Glenwood Springs City Council sends letter opposing Senate Bill 62 at police chief’s request

Mayor Jonathan Godes reflected on his experience of being the victim of a low-level crime during a discussion on a proposed justice reform legislation during Thursday night’s council meeting.

“I was a victim of crime recently, my van was stolen. It was resolved very quickly, easily,” Godes said.

The city council deliberated whether or not to send a letter of opposition to their state representatives who will be voting on the bill during the 2021 legislative session in Denver.

“We have great law enforcement officers, but I’ve got to say when the (district attorney) called me to say we caught the guy red handed, in my mind it was like grand theft auto. They said let’s just let this guy off, he’s a transient he won’t come back.”

Godes said as the victim in this case, he felt the man who stole his van shouldn’t be let off so easily.

“That said, he was a transient who struggled with mental illness and he did go away,” Godes said.

The man was released from custody on a personal recognizance bond after telling the judge he wouldn’t be able to afford bond.

“I wasn’t happy with that, but that’s why you don’t let victims write the laws on specific thing,” Godes said.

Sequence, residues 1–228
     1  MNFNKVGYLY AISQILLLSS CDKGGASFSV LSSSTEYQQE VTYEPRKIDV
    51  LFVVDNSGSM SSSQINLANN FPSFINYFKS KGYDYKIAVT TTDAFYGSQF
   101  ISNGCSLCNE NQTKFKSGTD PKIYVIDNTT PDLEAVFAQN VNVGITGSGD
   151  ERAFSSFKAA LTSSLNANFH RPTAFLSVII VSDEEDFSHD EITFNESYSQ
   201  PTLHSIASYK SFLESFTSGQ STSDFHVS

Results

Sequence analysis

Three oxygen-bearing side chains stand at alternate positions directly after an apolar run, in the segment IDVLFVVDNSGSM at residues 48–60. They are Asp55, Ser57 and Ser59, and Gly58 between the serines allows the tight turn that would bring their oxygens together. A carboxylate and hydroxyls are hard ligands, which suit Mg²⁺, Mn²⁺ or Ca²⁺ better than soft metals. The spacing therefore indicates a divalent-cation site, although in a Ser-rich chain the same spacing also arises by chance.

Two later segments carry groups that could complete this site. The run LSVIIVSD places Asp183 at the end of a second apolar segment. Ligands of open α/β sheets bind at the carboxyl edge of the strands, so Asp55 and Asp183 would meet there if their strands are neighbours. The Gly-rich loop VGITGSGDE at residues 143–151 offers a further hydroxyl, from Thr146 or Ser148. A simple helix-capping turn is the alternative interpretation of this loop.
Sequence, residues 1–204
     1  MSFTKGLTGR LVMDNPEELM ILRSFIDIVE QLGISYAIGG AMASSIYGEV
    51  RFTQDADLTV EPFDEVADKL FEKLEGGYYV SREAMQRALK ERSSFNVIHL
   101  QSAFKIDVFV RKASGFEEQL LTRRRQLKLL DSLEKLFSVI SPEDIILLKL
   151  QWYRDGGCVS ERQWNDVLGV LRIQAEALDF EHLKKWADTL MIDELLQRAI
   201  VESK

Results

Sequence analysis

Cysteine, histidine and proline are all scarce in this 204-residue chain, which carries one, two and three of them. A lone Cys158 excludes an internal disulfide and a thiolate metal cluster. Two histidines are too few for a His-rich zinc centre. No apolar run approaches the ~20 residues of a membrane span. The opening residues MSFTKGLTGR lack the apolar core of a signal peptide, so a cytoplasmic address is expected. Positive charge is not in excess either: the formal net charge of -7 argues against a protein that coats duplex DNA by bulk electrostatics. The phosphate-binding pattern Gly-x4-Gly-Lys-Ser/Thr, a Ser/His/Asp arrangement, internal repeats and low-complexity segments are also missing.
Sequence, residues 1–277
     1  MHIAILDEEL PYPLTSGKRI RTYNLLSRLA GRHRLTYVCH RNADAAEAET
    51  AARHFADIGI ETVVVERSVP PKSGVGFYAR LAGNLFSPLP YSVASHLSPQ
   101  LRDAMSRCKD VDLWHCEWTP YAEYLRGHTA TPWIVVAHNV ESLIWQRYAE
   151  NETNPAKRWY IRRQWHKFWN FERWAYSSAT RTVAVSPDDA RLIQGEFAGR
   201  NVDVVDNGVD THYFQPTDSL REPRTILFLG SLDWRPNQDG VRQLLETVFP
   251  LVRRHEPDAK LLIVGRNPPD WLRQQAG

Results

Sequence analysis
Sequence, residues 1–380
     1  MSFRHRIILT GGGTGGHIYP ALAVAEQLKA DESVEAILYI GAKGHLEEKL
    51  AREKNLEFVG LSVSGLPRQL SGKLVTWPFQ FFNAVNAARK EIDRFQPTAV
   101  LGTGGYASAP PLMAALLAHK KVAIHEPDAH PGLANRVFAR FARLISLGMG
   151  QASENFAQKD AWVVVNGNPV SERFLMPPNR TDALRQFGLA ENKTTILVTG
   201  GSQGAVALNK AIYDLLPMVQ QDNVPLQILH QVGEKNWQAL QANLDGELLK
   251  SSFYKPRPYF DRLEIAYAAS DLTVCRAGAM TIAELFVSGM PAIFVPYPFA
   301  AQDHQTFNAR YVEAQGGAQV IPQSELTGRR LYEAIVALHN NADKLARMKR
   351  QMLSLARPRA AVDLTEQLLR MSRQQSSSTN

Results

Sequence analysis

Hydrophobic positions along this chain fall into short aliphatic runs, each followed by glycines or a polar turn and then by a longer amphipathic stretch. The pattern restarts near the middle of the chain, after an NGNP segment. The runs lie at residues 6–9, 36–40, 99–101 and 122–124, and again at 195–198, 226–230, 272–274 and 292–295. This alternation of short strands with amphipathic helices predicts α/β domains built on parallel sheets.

“Was justice served for me? Probably not, but at the end of the day do I want someone with mental illness who has a supportive family back in Kansas City to get support over my lust for revenge?”

Godes suggested that no action be taken by the council.

Glenwood Springs Police Chief Joseph Deras requested the council to send a letter to legislators formally opposing the bill, noting that it would be symbolic at the very least.

Deras said it was also his role to inform the council of pending legislation and changes to law that will have an impact on the local community.

Councilor Charlie Wilman, who also works as an attorney, said the bill would cost municipalities more money.

“It actually costs more money because you can’t issue the bench warrant unit they fail to appear three times, and you have to send a police officer out there to issue the bench warrant,” Wilman said.

“They don’t treat these secondary citations as anything important. As a lawyer, my view is that it interferes in the efficient administration of justice.”

Councilor Tony Hershey said he believes that the bill will pass in some form, regardless of whether letters are sent in opposition of it.

“During COVID, there’s nothing easier than showing up in court. But people still fail to appear, and that just slows down the administrative justice,” Hershey said.

“We don’t know the final form of the bill.”

Deras said people in the community have been assaulted and the person who assaulted them has returned, such was the case when a man was charged with assaulting a business owner downtown, who was arrested then immediately released due to COVID policy changes.

Sean Hurt, 37, was charged with misdemeanor assault which is not considered to be at a level that would classify as a violent crime. Hurt was arrested for harassment and resisting arrest after being involved in another incident involving a business downtown.

“What arrests are typically designed to do is interrupt the cycle of violence or crime pattern,” Deras said. “Really what’s happened here these bills have been designed to favor the defendant and not so much the victim in these crimes.”